Water Saving Regulations
As of 6th April 2010, new building regulations came into place that for the first time ever will address water efficiency.
Amendments to the legalisation state:
- Requires that for any new dwelling the potential wholesome water consumption by persons occupying it must not exceed 125 litres per person per day. The potential consumption must be calculated in accordance with the methodology set out in The Water Efficiency Calculator for New Dwellings
The average UK use is 150 litres per person, per day; this does vary from region to region but overall this would equate to an approximate 18% reduction in water consumption.
Also in 2010 a new water efficiency calculator for new dwellings was produced to ensure that fittings and appliances used during construction are as efficient as possible. This now supersedes the upgraded calculator that was originally released in 2009. Fittings and appliances should initially be specified during the design stage; the water efficiency calculator should be completed during this stage and then revised if those fittings subsequently change throughout the course of the build.
There are various assumptions that the water efficiency calculator uses in order to measure compliance. These include:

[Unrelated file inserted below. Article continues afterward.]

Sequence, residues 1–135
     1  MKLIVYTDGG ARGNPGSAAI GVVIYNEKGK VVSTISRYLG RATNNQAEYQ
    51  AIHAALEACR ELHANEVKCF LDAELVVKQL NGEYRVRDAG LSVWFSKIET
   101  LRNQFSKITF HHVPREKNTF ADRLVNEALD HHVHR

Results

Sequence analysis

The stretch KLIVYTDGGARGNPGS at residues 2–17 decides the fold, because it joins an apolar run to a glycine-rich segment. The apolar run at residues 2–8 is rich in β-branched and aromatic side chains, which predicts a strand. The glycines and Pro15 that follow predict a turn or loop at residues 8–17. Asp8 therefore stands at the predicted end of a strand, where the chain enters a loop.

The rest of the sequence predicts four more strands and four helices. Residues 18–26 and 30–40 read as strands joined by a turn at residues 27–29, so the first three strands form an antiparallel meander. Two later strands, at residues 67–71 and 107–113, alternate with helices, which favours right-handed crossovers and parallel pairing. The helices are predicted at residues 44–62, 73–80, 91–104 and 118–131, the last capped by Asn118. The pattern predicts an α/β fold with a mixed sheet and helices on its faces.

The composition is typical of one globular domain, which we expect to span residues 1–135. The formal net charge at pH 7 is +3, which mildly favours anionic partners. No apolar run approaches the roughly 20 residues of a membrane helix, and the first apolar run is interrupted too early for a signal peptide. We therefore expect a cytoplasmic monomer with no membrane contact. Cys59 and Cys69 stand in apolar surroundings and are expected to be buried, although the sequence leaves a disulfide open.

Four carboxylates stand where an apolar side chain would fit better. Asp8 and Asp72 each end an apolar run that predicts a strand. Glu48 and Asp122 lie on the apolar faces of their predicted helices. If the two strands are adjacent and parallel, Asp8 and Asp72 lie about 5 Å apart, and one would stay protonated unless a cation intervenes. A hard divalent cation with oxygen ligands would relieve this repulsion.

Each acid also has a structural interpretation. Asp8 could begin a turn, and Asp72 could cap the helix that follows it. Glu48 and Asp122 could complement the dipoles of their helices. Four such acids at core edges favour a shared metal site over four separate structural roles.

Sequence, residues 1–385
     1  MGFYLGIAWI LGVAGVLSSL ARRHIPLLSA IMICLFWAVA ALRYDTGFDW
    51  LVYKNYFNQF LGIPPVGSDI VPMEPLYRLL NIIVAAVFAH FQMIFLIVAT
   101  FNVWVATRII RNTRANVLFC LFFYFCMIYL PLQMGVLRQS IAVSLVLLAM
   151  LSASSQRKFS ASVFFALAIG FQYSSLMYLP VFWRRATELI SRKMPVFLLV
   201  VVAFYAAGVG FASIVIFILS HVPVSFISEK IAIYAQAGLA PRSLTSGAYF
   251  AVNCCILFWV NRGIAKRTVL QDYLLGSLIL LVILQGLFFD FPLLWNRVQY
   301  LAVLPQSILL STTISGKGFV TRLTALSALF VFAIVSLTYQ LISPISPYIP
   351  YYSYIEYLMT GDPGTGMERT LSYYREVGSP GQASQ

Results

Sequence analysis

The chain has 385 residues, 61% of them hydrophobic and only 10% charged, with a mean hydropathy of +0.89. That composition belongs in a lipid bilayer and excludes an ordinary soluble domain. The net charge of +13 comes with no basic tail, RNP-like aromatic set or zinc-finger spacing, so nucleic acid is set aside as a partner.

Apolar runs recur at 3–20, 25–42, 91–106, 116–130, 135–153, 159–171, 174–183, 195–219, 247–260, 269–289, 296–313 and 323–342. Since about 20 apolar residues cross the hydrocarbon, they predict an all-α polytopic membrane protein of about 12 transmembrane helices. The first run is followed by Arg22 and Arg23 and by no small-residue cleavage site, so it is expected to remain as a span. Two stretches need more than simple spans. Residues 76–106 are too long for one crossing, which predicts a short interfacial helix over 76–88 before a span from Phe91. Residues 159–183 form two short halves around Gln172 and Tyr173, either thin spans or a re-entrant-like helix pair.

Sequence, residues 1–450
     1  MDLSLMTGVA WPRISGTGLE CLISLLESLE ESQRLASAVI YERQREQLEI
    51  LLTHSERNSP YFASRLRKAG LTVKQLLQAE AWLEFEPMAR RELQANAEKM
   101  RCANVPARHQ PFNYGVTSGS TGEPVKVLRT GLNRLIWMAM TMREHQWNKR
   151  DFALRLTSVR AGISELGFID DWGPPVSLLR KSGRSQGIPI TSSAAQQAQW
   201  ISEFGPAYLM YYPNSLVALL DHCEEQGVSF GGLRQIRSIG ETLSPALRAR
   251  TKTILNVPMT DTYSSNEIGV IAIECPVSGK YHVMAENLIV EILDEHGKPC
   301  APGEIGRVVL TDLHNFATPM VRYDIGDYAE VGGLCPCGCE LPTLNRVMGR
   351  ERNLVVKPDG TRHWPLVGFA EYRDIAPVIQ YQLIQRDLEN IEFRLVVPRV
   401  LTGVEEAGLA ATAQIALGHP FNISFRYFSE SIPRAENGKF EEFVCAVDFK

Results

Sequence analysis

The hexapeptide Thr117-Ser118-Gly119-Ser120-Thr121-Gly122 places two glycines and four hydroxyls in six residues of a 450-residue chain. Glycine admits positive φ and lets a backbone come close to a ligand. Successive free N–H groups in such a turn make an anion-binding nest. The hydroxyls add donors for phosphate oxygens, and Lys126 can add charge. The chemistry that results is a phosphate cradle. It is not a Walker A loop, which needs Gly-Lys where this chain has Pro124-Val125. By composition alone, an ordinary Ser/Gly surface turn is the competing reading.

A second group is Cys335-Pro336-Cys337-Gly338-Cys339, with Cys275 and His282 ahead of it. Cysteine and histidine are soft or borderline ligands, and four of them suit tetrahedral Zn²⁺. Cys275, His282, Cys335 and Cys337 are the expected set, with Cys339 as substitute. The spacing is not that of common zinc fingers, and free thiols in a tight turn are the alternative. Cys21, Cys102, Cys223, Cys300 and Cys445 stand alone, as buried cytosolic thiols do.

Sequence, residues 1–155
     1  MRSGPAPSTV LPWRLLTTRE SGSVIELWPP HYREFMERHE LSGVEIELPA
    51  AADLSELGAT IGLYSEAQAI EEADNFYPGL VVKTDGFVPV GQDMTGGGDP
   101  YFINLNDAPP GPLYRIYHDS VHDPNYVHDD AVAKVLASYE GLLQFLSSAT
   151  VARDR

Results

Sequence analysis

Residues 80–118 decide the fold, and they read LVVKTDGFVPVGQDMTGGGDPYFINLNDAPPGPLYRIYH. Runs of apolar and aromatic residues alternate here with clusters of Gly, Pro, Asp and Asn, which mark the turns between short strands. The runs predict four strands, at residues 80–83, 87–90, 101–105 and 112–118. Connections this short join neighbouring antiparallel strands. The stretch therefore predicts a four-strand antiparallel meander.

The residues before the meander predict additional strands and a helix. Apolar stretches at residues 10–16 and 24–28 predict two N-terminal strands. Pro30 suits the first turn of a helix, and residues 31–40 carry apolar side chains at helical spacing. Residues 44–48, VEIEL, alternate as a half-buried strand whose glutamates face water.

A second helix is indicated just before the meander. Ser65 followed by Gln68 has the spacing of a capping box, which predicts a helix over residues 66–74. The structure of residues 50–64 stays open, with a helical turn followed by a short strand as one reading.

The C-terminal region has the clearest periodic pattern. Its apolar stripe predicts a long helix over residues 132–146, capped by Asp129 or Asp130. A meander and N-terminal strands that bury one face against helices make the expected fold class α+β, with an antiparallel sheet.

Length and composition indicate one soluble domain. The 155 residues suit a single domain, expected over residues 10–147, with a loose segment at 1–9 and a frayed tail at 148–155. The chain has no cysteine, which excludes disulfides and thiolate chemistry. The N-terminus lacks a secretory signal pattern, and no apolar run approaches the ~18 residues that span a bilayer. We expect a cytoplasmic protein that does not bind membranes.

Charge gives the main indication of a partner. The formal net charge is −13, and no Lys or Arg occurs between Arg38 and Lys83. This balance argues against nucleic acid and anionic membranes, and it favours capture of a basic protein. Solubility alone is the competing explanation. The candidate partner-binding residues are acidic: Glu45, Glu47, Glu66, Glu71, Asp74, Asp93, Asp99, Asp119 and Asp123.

- That a person spends 5.6 minutes in the shower
- The average person flushes the toilet 4.42 times a day
- When running a bath, it is filled halfway up before getting in (50% of maximum volume)
- If there is a bath and a shower in the dwelling the shower is used 80% of the time and the bath 20% of the time
- a default figure is used of 17.16 litres per person for a washing machine and 4.5 litres per person for a dishwasher
The Building Regulations 2010 – Sanitation, hot water safety and water efficiency – approved document G, also states:
- Reasonable provision must be made by the installation of fittings and fixed appliances that use water efficiently for the prevention of undue consumption of water.
- a record of the sanitary appliances and white goods used in the water consumption calculation and installed in the dwelling is provided along with sufficient other information enabling building owners or occupiers to maintain the building and its services so as to maintain the water efficiency of the building. In this context, relevant white goods are washing machines and dishwashers
Rainwater and Greywater
Interestingly the amended regulations also take into account both rainwater and greywater as an alternative to wholesome water in certain situations. Wholesome water is still required to be utilised to supply showers, baths, bidets washbasins, sinks (in an area where food is prepared), and any place where drinking water is to be sourced. Providing an appropriate risk assessment has been carried out rainwater and greywater can be used for WC and urinal flushing, washing machines and irrigation. Alternatives to wholesome water are listed as water from wells, springs, boreholes or water courses; harvested rainwater; reclaimed greywater; and reclaimed industrial process water.